Connecticut’s hotly contested gubernatorial race is contributing to a national trend of heavy spending on gubernatorial campaigns.
Across the country U.S. Senate races have been the top story in this election cycle, but almost $90 million more has been spent on races for governor.
According to a Wesleyan Media Project report, $426 million has been spent on 36 gubernatorial races around the country this year as of Oct 9. Only $337 million has been spent on U.S. Senate races. Meanwhile, U.S. House races trail at only $154 million
All that money has paid for 1.8 million political ads since the beginning of last year, which means TV ad buying is set to exceed $1 billion in this election.
Much of that money is coming from outside groups and PACs. Connecticut is no exception, with $11.3 million in outside money spent on the governor’s race as of Wednesday.
So far, according to records, the Republican Governors Association has given its Grow Connecticut PAC $4.8 million and the Democratic Governors Association has contributed $2.45 million to its Connecticut Forward PAC, as of Wednesday. The Wesleyan report found that the RGA has purchased more ads than any other group in this election.
According to the Wesleyan Media Project there were 2,300 ads aired in Connecticut from Sept. 26 through Oct. 9.
The project found that 79.5 percent of the ads in Connecticut’s gubernatorial race were negative.
PAC money is playing a major role in congressional races as well, with nearly half of the $8.8 million spent so far coming from independent committees. Of that $8.8 million, more than $6.3 million — or 70 percent — has been spent by Democrats.
The Democrats running for Congress in Connecticut have stomped their Republican opponents in fundraising from both small and large donors and PACs. All five of the Democrats running for re-election in Connecticut have raised at least $1 million each, while the five Republican challengers together have only come up with $2.3 million. U.S. Rep. Elizabeth Esty has raised the most of any candidate with $2.5 million.
Large individual contributions were the biggest source of campaign cash for congressional candidates. Donations between $200 and $2,500 accounted for more than $5.2 million of the $11.8 million the candidates have raised.
The widest funding gap of any race in Connecticut is in the 3rd District, where Republican James Brown has spent less than $5,000 running against 12-term Democratic incumbent Rosa DeLauro, who has spent more than $1 million.
Brown is the only candidate who has not accepted PAC money. He has raised 37 percent of his campaign contributions from small donors, tying him with 1st District challenger Matthew Corey for highest percentage of small donations in a campaign.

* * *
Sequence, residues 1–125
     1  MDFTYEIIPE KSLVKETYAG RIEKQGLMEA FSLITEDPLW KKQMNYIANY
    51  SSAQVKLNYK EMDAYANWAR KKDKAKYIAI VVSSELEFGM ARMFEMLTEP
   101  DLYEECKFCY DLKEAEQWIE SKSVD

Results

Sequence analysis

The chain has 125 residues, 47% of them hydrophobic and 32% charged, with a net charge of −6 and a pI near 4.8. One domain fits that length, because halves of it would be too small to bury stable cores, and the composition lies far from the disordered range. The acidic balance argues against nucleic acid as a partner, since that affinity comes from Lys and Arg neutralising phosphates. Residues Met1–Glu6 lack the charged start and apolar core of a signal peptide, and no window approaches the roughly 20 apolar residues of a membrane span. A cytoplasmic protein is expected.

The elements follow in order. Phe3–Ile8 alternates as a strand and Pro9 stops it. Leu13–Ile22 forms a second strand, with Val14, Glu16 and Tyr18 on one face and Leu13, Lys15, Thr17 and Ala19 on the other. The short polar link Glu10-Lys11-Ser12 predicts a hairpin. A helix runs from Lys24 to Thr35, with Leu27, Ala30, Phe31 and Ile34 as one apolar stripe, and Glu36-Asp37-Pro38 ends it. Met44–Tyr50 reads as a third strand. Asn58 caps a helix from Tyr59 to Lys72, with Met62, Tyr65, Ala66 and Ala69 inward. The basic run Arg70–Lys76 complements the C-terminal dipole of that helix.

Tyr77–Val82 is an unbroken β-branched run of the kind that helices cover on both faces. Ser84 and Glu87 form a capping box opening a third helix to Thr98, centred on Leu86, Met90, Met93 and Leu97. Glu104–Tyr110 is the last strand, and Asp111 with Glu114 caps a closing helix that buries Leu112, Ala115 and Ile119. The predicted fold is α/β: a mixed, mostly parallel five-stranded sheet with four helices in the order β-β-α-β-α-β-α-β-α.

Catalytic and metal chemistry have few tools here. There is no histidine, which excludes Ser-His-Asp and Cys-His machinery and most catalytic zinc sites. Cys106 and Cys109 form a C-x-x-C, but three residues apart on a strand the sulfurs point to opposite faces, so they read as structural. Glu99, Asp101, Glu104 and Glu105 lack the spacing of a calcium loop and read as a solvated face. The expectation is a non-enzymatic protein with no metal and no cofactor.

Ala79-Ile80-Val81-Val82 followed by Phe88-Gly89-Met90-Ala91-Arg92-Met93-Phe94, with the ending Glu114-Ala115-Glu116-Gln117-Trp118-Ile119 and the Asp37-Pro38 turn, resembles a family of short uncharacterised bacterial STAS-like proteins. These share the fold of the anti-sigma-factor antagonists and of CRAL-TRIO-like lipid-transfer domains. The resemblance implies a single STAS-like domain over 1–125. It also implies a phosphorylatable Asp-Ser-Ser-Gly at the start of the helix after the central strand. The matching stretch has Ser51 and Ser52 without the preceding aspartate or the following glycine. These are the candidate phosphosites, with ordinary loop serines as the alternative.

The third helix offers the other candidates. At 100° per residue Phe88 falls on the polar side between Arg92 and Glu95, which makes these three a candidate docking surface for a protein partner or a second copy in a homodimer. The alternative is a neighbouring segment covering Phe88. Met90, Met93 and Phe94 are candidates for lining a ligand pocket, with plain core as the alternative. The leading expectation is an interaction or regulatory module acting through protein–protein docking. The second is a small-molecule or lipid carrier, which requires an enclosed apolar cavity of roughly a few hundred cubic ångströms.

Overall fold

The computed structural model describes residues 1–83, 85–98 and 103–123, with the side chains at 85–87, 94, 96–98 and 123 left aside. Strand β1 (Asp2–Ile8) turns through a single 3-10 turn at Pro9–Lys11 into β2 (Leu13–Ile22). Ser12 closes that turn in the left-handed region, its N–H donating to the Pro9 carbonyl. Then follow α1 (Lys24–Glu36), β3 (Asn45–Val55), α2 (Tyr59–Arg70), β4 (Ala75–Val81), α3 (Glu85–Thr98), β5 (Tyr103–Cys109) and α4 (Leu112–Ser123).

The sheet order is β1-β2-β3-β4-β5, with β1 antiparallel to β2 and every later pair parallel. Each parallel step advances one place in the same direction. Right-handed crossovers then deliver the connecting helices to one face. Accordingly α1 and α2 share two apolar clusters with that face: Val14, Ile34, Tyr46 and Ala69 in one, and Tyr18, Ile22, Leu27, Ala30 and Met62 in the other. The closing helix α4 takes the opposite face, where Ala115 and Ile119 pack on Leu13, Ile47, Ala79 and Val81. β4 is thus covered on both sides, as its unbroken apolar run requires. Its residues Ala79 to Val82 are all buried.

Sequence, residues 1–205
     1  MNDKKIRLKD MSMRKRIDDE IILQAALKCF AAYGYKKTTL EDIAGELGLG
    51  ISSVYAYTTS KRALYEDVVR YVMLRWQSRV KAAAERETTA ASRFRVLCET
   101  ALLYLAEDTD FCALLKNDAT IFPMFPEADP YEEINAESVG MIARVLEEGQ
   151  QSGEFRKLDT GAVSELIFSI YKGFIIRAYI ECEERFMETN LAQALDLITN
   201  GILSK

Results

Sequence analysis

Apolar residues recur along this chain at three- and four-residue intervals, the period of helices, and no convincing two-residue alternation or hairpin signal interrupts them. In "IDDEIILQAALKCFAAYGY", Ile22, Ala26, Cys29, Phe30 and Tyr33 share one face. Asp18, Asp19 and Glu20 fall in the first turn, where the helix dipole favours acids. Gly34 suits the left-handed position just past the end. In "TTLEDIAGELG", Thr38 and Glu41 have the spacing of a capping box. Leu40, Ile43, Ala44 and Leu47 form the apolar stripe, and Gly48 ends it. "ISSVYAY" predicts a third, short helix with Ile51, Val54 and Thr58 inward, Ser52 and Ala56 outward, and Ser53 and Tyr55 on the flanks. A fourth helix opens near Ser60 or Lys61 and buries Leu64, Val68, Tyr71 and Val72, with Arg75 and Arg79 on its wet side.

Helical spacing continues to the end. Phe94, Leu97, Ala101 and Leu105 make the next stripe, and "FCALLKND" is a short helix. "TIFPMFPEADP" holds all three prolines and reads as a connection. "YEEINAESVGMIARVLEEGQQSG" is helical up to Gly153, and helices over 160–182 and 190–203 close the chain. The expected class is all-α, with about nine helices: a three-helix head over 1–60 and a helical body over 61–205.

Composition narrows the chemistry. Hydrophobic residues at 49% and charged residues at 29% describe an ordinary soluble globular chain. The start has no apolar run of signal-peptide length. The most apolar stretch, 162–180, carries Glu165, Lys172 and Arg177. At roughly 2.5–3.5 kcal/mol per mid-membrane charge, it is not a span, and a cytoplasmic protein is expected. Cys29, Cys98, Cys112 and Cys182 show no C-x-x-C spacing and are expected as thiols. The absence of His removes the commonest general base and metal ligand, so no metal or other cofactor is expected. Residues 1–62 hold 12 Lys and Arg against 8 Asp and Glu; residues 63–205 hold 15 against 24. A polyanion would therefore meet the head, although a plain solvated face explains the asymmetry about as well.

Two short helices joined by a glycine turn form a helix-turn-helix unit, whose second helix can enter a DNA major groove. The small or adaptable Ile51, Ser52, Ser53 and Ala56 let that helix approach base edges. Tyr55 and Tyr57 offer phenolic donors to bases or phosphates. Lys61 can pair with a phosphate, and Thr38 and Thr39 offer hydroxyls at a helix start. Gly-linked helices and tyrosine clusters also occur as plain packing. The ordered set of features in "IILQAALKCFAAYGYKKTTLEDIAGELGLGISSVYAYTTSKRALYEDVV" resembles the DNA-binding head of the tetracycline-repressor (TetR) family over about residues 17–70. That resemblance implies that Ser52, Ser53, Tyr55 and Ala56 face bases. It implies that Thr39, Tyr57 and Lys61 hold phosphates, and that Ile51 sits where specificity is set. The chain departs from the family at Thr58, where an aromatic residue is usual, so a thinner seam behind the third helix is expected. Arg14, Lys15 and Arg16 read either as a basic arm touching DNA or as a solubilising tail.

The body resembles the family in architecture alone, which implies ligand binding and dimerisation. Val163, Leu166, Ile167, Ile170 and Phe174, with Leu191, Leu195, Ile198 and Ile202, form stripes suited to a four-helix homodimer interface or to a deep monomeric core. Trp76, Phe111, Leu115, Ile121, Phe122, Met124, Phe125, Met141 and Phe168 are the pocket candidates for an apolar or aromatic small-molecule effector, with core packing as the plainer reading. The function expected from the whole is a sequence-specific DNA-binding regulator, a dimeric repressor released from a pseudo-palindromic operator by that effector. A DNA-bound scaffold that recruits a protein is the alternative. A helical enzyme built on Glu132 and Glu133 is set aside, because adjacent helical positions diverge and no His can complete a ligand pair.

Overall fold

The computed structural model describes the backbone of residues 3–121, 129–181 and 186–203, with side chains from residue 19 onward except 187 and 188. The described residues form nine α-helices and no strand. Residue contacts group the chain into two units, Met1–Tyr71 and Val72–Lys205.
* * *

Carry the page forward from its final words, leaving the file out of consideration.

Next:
Corey’s opponent, U.S. Rep. John Larson, has raised more than $1 million from PACs — more than any other candidate.
Several candidates have used large sums of their own money or lent money to their campaigns. Brown and Corey gave $2,000 and $4,000 to their campaigns respectively and Cavanagh’s loan of $51,000 makes up almost 60 percent of her campaign funds. Greenberg is by far the most personally invested. He’s put more than $1.2 million into his campaign, $60,000 in direct contributions and $1.15 million in loans. None of the Democratic candidates have made any personal contributions to their campaigns this year.
Almost every candidate has had to return some of their contributions. A total of $101,542 has been disqualified by the Federal Election Commission. Dan Debicella, who is running in the 4th Congressional District, has returned the most at $30,900, while Esty, Greenberg, and Himes have all had to return around $20,000.
While it may be hard to believe, the airwaves in Connecticut are not quite as saturated with political ads as they are in other places around the country. Florida saw more than 21,000 ads during two weeks earlier this month where Connecticut only saw 2,300
Connecticut is beating Florida in one area — negative political ads. Connecticut edged Florida out of the top spot by a few percentage points with 79.5 percent negative ads to their 77.1 percent.
Of those thousands of ads flooding TV screens every night, a majority of them — or 64 percent — show anger as the dominant emotion. Enthusiasm, fear, sadness, and pride, in descending order, are next. Humor comes in last, appearing in just 4 percent of ads.